Food unites us, but how much do we know about the people who work hard day-in and day-out to ensure Canadians have access to fresh, safe, nutritious, and delicious food? With a food supply chain as diverse and plentiful as ours – it really does take a village. Faces Behind Food will capture the passion behind the food we love, one person at a time.
Hugh, commercial beekeeper
“For 25 years, I worked across North America in the financial services industry and in 2008, I was motivated by the market conditions to leave the corporate world and move permanently to my farm near Collingwood. I’ve had an interest in farms and farming forever, and I looked at various farm business opportunities before settling on beekeeping/honey production. I learned the business by interning for a year with a successful commercial beekeeper and every year thereafter…on the job.
I think most people’s perceptions of beekeeping would benefit from a conversation with a commercial beekeeper so they could understand the risks and challenges associated with this unique farm business. Like any other farm, my success is subject to myriad uncontrollable variables like weather, markets and input costs. And they’re all compounded by the pests and diseases that can weaken the health of a bee colony. I love getting the chance to meet people of all ages and backgrounds, both in-person and online, who are curious to learn more about honey bees and to answer their questions.
Consumer trends play a big role in the marketplace, so the public must understand the work that farmers like me do to grow safe and delicious food for them.”
Kathleen, farmer and maple syrup producer
“I’m the free help! My job here is to label the maple syrup bottles that my husband and son fill with syrup made from the maple trees on our farm.
I spent four hours out here yesterday and will keep working as long as I’m needed. We mostly fill glass bottles now. People like them because they’re easier to recycle.
Each label contains batch codes so that we know the exact date that they were filled. The labels also contain nutritional information and the grade of syrup – which reflects the colour and taste. In Ontario, that could be golden, amber, dark or very dark.
My favourite grade of syrup is the golden colour that comes at the beginning of the season. Some people like the darker colours, but I like them lighter.”
Mark, Chef at Merk Snack Bar – @merksnackbar
“I took over this business from my bosses. For myself, I originally planned to have a take-out business that operated from 10am to 7pm. But then I guess Providence decided that I actually wanted a badass bar where I can be free to create the things I want, learn and grow in my craft every day.
I love this neighbourhood. And really, Hamilton is the best place in the world. This community really appreciates the effort, and they will show you love in return when they see how genuine you are. Most of the local business owners have the mentality of building Ottawa Street into something awesome, unique and special. And I plan to be a part of that. I want to be here for whatever the community needs; sports teams, small gatherings, wedding anniversaries. Hell, if you just wanna run and hide for a bit with a pint or a plate of mushrooms, we got you.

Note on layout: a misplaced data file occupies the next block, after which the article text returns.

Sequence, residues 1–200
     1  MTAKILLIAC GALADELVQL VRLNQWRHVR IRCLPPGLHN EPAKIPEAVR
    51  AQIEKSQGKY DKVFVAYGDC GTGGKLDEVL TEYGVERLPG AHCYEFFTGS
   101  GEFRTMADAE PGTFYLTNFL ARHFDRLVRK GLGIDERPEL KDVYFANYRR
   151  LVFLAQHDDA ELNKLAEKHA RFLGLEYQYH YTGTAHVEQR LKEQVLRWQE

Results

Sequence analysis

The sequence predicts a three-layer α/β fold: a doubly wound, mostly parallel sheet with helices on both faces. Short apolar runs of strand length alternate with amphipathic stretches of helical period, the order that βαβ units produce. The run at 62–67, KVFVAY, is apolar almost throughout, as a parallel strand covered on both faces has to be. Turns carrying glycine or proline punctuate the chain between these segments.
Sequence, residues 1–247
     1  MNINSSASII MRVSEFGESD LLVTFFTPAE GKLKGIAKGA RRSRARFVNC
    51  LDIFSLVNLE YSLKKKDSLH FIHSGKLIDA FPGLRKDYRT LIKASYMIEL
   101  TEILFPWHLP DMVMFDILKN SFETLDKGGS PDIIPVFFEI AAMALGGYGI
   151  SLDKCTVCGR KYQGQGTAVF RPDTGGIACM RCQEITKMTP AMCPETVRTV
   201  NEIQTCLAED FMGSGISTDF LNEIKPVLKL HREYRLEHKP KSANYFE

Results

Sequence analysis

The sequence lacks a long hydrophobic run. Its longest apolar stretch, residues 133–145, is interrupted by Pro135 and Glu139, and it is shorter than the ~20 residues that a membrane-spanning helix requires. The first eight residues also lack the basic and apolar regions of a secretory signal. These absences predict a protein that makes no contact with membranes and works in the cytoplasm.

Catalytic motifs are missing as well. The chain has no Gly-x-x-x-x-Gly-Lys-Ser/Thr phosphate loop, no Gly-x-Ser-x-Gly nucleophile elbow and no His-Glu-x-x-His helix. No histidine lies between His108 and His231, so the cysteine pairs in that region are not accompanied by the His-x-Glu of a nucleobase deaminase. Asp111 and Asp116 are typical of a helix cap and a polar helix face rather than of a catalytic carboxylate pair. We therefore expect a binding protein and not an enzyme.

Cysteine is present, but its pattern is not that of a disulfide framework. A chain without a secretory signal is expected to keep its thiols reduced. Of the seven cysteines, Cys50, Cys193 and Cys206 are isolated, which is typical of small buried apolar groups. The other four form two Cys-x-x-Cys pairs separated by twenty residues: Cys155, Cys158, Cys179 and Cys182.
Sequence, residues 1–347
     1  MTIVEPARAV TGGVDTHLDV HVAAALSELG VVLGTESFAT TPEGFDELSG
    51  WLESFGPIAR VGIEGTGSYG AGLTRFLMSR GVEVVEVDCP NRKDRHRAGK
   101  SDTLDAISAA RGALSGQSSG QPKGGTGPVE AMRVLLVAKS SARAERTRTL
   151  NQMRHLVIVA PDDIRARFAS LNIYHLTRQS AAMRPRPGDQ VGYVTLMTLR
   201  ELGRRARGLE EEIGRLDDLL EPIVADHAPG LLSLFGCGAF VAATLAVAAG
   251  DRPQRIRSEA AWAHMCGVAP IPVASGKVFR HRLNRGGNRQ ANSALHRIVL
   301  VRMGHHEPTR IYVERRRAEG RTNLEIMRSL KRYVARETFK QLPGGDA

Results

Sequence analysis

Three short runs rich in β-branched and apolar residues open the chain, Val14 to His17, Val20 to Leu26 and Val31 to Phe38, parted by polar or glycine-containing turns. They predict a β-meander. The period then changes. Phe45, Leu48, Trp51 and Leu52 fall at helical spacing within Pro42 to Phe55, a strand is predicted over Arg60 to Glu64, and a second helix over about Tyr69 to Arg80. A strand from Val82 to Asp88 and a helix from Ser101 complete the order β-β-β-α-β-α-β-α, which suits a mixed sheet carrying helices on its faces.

The last three months have been tough. But I had my original take-out business plan in my back pocket, so I had to dust it off and try to get something going. The community is what’s really helped it be not so bad. They came through and showed as much support and love as they always have. We cant wait to get back to some kind of normal.
Our community involvement is a big part of what sets us apart. I think I have the best staff in town- we are small and knowledgeable and don’t take ourselves incredibly seriously, but at the same time, are very professional and serious about our craft. I’m also a big farm fresh/ farm market supporter. You can find me at the farmers market in Jackson or one out in the country, picking fruit and veggies to bring back and make something delicious for my customers. Hamilton has soo many places to pick fruit and veggies. I kind of use it as a tool to educate people about where the food comes from and what’s available pretty much in your back yard. Whether you walk into Merk for the first time or for the third time that day, we greet you like an old friend. I want people to feel at home and like they’re a part of what makes this place tick.”
Pardeep, BC greenhouse operator
“My dad’s been a farmer since 1984. He originally grew berries but transitioned over to growing greenhouse bell peppers around 1998. Growing up, living on a family farm was the best thing ever. I started out helping on the farm as a young girl, picking berries and doing chores. I used to be in charge of cleaning up, which involved pulling up the year’s previous crop and planting a new one. Now, I’m responsible for training people on the grading line, where the peppers are processed and then put into boxes.
Buying local is very important because, first of all, we want to support local farmers, and also it lets us decrease our carbon imprint. We pretty much put peppers on everything we eat. It’s important to know what goes in our food, and by growing crops in a greenhouse, we can closely monitor them, and they’re available nearly all year long. We plant in the winter, and then we’re ready to harvest in the spring. “
Farm & Food Care brings farmers, agricultural professionals, related businesses, government organizations and other groups together with a mandate to provide credible information on food and farming.